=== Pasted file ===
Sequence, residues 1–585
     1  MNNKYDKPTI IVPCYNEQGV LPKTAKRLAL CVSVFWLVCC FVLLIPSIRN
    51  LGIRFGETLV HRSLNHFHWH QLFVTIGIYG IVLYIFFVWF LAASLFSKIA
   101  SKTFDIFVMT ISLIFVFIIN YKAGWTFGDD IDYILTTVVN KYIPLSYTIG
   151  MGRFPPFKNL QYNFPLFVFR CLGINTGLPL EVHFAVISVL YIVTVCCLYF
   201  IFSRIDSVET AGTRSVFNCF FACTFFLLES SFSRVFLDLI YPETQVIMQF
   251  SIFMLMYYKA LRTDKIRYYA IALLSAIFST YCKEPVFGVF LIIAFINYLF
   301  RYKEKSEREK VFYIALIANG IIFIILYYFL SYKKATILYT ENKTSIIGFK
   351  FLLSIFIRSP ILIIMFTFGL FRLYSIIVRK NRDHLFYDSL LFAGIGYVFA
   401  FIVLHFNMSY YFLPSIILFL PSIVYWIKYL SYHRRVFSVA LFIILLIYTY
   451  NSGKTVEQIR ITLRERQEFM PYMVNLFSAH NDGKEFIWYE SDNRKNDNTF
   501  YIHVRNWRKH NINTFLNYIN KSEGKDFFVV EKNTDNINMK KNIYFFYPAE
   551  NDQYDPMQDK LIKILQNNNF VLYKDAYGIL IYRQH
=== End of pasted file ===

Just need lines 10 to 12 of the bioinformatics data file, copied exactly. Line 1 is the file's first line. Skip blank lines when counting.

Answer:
   401  FIVLHFNMSY YFLPSIILFL PSIVYWIKYL SYHRRVFSVA LFIILLIYTY
   451  NSGKTVEQIR ITLRERQEFM PYMVNLFSAH NDGKEFIWYE SDNRKNDNTF
   501  YIHVRNWRKH NINTFLNYIN KSEGKDFFVV EKNTDNINMK KNIYFFYPAE